£24m fund for flexible teacher learning in Wales

By Bethan Lewis
BBC Wales education correspondent

  • Published
Teacher in classroomImage source, Jupiterimages

A £24m fund has been announced to make sure teachers are prepared for the roll-out of a new curriculum in Wales.

The Welsh Government says the package will include more flexible ways of training which will mean less disruption to the school day.

It said it would also help teachers support pupils' mental health and well-being.

The money has been welcomed by teaching unions but the NASUWT said it should be "a long-term investment".

The new package for teachers' professional learning has been allocated £9m in this financial year and £15m in 2019-20.

The government said it would give teachers more flexibility about how and when they learn and would include "learning outside the classroom, online learning, classroom learning and coaching".

The aim is to give schools time and resources to plan for what is set to be the biggest change in the classroom for decades.

An initial version of the new national curriculum will be published in the spring of 2019 before it is rolled out in schools from 2022.

It will introduce six broad areas of learning and is meant to develop the broader skills young people will need in life.

Education Secretary Kirsty Williams said the National Approach to Professional Learning is part of a "wholesale reform of how teachers learn".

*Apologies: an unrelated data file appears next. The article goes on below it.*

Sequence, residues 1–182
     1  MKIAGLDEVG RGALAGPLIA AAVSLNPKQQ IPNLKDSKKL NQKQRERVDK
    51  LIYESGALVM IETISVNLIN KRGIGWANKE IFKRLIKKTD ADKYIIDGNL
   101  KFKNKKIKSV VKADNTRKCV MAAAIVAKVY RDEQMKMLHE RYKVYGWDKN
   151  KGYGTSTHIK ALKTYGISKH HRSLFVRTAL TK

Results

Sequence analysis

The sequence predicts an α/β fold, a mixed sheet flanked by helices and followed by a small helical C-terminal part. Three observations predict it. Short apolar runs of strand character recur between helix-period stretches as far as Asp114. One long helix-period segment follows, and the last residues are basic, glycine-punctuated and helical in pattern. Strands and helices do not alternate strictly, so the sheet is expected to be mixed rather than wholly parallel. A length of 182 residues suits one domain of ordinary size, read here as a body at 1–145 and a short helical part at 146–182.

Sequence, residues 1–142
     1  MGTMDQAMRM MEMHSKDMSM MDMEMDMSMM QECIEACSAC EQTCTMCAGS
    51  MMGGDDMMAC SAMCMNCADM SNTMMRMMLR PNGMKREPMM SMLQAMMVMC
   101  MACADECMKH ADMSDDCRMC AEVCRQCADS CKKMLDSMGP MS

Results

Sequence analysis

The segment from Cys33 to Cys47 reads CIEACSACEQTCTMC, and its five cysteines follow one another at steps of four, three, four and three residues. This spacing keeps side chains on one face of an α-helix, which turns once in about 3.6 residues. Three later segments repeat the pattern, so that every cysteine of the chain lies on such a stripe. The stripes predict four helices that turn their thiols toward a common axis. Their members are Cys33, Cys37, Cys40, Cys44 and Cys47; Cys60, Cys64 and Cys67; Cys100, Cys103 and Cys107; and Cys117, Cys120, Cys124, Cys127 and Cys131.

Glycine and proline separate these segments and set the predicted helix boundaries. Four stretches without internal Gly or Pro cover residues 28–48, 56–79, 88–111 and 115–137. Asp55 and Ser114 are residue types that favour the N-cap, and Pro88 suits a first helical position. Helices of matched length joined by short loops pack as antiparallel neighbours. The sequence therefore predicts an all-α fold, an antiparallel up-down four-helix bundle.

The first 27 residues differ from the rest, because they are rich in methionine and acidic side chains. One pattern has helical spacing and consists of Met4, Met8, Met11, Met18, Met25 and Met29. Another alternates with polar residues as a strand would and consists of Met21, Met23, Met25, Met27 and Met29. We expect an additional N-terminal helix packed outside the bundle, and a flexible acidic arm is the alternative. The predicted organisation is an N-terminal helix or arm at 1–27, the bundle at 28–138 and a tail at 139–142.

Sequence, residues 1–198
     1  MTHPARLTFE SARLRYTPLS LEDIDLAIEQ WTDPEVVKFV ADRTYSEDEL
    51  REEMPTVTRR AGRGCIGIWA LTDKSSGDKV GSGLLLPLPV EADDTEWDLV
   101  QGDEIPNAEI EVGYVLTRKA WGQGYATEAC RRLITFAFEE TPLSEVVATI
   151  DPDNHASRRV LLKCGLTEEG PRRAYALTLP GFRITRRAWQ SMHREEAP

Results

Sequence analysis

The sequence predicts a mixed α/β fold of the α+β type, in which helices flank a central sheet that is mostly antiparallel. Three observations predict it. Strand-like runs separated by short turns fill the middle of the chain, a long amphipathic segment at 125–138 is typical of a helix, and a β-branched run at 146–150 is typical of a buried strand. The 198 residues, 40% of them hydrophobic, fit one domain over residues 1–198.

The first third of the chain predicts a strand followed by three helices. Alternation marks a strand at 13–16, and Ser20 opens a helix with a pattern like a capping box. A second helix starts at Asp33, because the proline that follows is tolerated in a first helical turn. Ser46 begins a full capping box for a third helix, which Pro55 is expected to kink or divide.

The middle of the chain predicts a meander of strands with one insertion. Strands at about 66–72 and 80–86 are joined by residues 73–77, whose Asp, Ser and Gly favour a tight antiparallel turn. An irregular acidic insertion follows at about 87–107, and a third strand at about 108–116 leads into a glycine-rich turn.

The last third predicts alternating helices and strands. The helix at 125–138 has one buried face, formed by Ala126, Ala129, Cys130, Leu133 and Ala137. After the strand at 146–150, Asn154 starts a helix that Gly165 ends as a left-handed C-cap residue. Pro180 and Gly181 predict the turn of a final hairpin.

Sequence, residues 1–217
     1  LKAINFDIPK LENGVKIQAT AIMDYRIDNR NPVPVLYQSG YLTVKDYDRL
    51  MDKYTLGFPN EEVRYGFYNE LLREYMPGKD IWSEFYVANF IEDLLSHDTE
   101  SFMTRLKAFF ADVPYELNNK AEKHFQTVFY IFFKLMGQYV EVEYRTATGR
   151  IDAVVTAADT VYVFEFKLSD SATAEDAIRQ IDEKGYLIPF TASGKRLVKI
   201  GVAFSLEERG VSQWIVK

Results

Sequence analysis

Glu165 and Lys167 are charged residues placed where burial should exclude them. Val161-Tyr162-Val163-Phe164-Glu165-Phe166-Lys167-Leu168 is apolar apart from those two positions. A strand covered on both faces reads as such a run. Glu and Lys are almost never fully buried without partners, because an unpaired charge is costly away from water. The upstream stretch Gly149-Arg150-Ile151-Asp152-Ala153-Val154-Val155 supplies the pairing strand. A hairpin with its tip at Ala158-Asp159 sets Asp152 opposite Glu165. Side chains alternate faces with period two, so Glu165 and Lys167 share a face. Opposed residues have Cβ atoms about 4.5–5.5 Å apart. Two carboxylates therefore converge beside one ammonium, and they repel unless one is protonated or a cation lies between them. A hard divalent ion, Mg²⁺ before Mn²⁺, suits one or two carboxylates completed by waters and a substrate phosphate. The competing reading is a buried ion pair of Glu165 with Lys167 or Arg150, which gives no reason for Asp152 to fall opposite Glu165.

"This is a time of great change in our education system and it will be impossible to deliver our new curriculum without a high-quality education workforce," she said.

"That is why we are making it easier for teachers to learn and explore the curriculum, giving them the time they need and not compromising their day to day work or pupils' learning."

'Shot in the arm'

Dilwyn Roberts-Young, general secretary of the Ucac teaching union, called the scale of changes to education "mind-boggling".

Welcoming the investment, he said high quality training was needed while "guarding, on the one hand, against disruption to pupils' education, and on the other against unreasonable demands on the workforce".

The NASUWT union also welcomed the money but said it was concerned about whether it would be sufficient to meet the training needs of the whole profession.

"Any money that comes in for professional development is welcome," the union's Wales organiser Neil Butler said.

But he said "there are questions about whether it will be sustained" or "a short-term shot in the arm".

The investment will be allocated according to numbers of teaching staff in schools.